Last Poets, The

Also known as Last Poets, Original Last Poets, The, Poets, The
Members of Last Poets, The: Abiodun Oyewole, Abu Mustafa, David Nelson (8), Felipe Luciano, Gylan Kain, Jalaludin M. Nuriddin, Jamal Abdus Sabur, Nilaja, Suliaman El-Hadi, Umar Bin Hassan
This performer (group) in the Internet: http://www.thelastpoets.net/, http://www.grandfatherofrap.com, http://www.umarbinhassan.com, http://en.wikipedia.org/wiki/The_last_poets

Discography of Last Poets, The:

# Release title Dwnld Total tracks Type of release is Imprint date Label
51 The Last Poets ↓ mp3 ↓ zip 13 Audio 2002 Sunspots
52 The Prime Time Rhyme Of The Last Poets - Best Of Volume 1 ↓ mp3 ↓ zip 15 Audio
53 At Last ↓ mp3 ↓ zip 10 Audio 1973 Yegrin
54 The Last Poets ↓ mp3 ↓ zip 13 Audio 1971 Douglas
55 The Last Poets ↓ mp3 ↓ zip 13 Audio 1996 Charly Records
56 The Last Poets / This Is Madness ↓ mp3 ↓ zip 30 Audio 2002
57 The Last Poets ↓ mp3 ↓ zip 13 Audio 1984 Celluloid
58 The Last Poets ↓ mp3 ↓ zip 13 Audio 1992 Restless Records
59 The Last Poets This Is Madness ↓ mp3 ↓ zip 34 Audio 2012 Charly Records
60 Right On! (Original Soundtrack) ↓ mp3 ↓ zip 18 Audio Juggernaut Records
61 This Is Madness ↓ mp3 ↓ zip 15 Audio 1984 Celluloid
62 When The Revolution Comes ↓ mp3 ↓ zip 30 Audio 2005 Rev-Ola
63 Right On! The Roots Of Rap! ↓ mp3 ↓ zip 3 Audio Essenay Entertainment
64 Panthers ↓ mp3 ↓ zip 8 Audio 2004
65 The Last Poets ↓ mp3 ↓ zip 13 Audio 1970 Douglas
66 Holy Terror ↓ mp3 ↓ zip 10 Audio 1993 P-Vine Records
67 This Is Madness ↓ mp3 ↓ zip 15 Audio 2002 Sunspots
68 Right On! ↓ mp3 ↓ zip 18 Audio 1990 Collectables
69 Right On! (Original Soundtrack) ↓ mp3 ↓ zip 18 Audio 1971
70 The Real Rap ↓ mp3 ↓ zip 34 Audio 1999 Snapper Music
71 Delights Of The Garden ↓ mp3 ↓ zip 8 Audio 1977 Douglas
72 O.D. / Black Thighs ↓ mp3 ↓ zip 2 Audio 1970 Douglas
73 Freedom Express ↓ mp3 ↓ zip 5 Audio 1988 Acid Jazz
74 The Last Poets ↓ mp3 ↓ zip 13 Audio Not On Label
75 True Blues ↓ mp3 ↓ zip 2 Audio Douglas
76 The Last Poets ↓ mp3 ↓ zip 13 Audio 1984 Douglas Records
77 Jazzoetry / Hands Off ↓ mp3 ↓ zip 2 Audio Paramount Records
78 The Last Poets ↓ mp3 ↓ zip 13 Audio 1971
79 Oh My People ↓ mp3 ↓ zip 6 Audio 1985 Celluloid
80 The Last Poets ↓ mp3 ↓ zip 13 Audio 1970 Douglas
81 Bird's Word / Tribute To Obabi (Ogun) ↓ mp3 ↓ zip 2 Audio 1972 Blue Thumb Records
82 The Legend - The Best Of ↓ mp3 ↓ zip 39 Audio 1996 M.I.L. Multimedia
83 Retro-Fit ↓ mp3 ↓ zip 12 Audio 1992 Celluloid
84 The Last Poets ↓ mp3 ↓ zip 13 Audio 1970 Douglas
85 The Prime Time Rhyme Of The Last Poets - Best Of Volume 1 ↓ mp3 ↓ zip 15 Audio On The One
86 The Last Poets ↓ mp3 ↓ zip 13 Audio Douglas
87 The Last Poets ↓ mp3 ↓ zip 13 Audio 2014
88 The Last Poets ↓ mp3 ↓ zip 13 Audio 2014 Charly Records
89 Retro-Fit ↓ mp3 ↓ zip 12 Audio 1992 Celluloid
90 Oh My People ↓ mp3 ↓ zip 6 Audio 1985 Philips
91 Last Poets Made In Amerikkka ↓ mp3 ↓ zip 11 Audio 2009 La Huit


The Last Poets are a group of poets and musicians, rising from the late 1960s African American civil rights movement. [a=Jalaludin M. Nuriddin], an Army paratrooper who chose to go to jail instead of fight in the Vietnam War, founded the group in prison after converting to Islam and learning to spiel, an earlier form of hip-hop emceeing.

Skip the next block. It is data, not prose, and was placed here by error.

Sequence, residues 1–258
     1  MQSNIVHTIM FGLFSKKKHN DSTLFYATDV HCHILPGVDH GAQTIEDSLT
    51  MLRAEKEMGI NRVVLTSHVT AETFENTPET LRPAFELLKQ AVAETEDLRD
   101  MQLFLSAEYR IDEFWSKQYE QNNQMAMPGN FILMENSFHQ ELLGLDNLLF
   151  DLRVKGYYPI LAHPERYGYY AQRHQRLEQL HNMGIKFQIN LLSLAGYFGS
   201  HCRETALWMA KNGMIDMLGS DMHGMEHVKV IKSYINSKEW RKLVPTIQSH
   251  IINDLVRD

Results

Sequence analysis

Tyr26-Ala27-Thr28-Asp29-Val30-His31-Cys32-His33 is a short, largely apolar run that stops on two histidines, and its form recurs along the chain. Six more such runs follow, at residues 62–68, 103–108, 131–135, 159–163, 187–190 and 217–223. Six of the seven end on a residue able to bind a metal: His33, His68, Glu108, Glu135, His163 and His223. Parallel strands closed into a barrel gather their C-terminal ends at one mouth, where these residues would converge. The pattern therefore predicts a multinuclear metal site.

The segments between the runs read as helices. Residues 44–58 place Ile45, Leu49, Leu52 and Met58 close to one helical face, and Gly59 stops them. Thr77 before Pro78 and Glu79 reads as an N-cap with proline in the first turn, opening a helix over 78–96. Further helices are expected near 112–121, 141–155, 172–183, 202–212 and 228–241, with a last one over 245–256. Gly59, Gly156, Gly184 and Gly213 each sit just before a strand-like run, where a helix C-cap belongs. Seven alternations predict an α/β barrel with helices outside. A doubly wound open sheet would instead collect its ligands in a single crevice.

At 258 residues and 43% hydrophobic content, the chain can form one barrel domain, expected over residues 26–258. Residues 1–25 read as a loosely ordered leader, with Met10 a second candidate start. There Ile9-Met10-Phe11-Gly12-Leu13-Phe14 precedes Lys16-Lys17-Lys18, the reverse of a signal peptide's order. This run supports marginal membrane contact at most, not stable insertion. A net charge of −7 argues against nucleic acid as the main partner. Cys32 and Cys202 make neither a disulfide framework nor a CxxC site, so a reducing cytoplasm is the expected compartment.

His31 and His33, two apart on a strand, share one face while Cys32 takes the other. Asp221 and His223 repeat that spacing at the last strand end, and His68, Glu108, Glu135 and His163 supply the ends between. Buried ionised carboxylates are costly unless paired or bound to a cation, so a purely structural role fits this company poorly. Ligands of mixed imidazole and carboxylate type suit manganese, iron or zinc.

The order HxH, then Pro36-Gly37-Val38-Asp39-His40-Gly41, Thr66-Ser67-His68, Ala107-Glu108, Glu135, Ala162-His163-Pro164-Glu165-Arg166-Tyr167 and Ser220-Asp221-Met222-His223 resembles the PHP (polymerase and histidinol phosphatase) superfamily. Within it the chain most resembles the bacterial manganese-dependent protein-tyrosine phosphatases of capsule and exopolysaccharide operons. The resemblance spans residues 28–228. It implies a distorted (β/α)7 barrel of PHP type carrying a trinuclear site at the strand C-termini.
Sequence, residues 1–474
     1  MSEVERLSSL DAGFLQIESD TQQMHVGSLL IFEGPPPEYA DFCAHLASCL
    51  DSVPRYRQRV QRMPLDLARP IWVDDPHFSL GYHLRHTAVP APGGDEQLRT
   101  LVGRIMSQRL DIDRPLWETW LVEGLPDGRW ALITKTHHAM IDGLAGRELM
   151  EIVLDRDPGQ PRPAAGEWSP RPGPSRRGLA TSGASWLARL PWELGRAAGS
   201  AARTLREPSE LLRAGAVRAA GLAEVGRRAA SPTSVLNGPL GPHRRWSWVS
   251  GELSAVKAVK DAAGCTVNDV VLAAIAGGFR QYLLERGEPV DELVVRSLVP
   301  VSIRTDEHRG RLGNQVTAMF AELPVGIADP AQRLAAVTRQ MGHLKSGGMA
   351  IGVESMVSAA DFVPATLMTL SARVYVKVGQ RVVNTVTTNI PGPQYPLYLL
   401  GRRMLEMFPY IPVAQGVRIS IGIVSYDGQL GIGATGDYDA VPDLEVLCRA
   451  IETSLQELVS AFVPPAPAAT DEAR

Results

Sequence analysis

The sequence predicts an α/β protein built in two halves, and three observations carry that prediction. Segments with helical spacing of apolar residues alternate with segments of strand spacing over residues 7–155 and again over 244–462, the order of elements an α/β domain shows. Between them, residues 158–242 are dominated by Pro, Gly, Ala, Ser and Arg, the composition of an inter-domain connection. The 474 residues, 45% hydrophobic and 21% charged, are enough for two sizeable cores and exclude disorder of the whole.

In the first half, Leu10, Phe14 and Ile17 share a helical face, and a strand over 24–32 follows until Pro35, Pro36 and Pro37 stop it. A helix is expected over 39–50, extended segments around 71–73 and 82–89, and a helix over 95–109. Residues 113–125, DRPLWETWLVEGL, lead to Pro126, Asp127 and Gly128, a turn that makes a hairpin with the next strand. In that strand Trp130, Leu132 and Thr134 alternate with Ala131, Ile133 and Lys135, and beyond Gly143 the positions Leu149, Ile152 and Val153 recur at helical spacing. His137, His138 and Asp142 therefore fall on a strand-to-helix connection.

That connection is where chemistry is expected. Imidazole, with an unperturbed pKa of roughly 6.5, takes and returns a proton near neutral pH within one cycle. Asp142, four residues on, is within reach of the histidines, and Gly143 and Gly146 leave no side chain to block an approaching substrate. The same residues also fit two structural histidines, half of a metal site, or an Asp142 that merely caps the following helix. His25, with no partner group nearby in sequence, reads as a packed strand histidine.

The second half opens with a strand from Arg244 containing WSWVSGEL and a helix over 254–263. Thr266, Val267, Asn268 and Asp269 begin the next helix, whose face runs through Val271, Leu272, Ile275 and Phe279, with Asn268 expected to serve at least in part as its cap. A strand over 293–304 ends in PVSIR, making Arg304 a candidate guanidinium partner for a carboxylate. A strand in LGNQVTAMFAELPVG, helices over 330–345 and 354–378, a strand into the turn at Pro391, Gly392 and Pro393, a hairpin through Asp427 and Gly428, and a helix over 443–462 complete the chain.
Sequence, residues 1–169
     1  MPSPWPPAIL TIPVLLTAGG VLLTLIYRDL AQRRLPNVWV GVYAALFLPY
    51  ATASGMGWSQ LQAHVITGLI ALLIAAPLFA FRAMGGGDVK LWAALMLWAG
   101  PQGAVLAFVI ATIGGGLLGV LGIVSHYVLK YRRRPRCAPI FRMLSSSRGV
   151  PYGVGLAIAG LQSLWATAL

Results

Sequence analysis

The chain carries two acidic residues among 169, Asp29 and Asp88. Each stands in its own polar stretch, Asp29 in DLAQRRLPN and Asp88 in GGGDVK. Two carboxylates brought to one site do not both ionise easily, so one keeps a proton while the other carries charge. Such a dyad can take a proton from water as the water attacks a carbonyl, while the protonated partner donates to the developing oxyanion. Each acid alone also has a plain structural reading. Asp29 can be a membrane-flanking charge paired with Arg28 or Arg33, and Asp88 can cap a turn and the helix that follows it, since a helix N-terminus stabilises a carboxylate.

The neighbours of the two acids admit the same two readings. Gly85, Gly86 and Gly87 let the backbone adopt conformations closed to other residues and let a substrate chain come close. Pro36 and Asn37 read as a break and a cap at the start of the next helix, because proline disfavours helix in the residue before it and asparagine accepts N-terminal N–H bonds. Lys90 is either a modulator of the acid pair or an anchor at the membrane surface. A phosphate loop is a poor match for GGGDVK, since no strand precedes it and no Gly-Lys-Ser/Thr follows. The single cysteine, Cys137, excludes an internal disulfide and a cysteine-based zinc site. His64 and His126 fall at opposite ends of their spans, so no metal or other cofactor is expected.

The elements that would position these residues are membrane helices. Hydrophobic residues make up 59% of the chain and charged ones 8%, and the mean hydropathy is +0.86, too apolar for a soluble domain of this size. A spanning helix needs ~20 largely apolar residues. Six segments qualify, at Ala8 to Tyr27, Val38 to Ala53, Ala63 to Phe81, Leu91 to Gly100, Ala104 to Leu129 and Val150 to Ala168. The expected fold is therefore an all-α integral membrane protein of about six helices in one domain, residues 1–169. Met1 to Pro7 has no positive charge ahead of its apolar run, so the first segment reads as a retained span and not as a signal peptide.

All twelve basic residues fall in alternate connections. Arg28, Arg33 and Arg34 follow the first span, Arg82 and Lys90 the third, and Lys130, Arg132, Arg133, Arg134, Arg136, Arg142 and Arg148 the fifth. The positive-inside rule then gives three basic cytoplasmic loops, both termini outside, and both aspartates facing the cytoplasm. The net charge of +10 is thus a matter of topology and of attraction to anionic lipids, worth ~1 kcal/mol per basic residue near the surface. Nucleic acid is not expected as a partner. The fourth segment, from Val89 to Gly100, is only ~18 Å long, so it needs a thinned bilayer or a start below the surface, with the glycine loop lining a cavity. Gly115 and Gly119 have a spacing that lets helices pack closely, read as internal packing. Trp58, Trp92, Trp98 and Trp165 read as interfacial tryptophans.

With [a=Umar Bin Hassan] and [a=Abiodun Oyewole], Nuriddin was released from prison, joined the East Wind workshop in Harlem, and began performing their spiels, along with music, on the street. The group adopted the name the Last Poets in 1969 from a South African writer named Little Willie Copaseely, who believed he was in the last era of poetry before guns would take over. They released an LP in 1970, [i]The Last Poets[/I], which reached the Top Ten album charts. Oyewole was arrested for robbery before a tour could begin, and he was replaced by Nilajah and featured "Whitey on The Moon," a classic protest anthem depicting social and racial divisions.

The follow-up, [i]This is Madness[/I], featured more radical and politically charged poems, which resulted in the group being listed as part of the counter-intelligence program founded by then-President Richard Nixon. Following that album, Hassan joined a southern-based religious sect and was replaced by [a=Suliaman El-Hadi] in time for [i]Chastisement[/I] (1972). The album introduced a sound the group called jazzoetry, a mix of jazz and funk with poetry. [i]At Last[/I] (1974), was a free-jazz album. The popularity of the group declined during the remainder of the 1970s, and Nilajah left.

In the 1980s, however, the group became popular with the rise of hip-hop, collaboarting with Bristol-based British post punk band the Pop Group and others. It returned to recording in its own right in 1984 with [i]Oh, My People[/I] and its follow-up, [i]Freedom Express[/I] (1988). Hassan and Jalal worked on several solo projects until 1995, when two groups using the name formed. Jalal and El Hadi released [i]Scatterrap[/I] while Oyewole and Hassan released [i]Holy Terror[/I]. The group's founding members reunited for 1997's [i]Time Has Come[/I], its only release to date on a major label. Recently, the Last Poets collaborated with [a=Common] on the song "The Corner."

The Last Poets stands as the true originator of hip-hop emceeing. With withering attacks on everything from racists to the American government to the bourgeoisie, their spoken-word albums preceded politically laced R&B projects such as [a=Marvin Gaye]'s [i]What's Going On[/I] and foreshadowed the work of hard-hitting hip-hop groups such as [a=Public Enemy].


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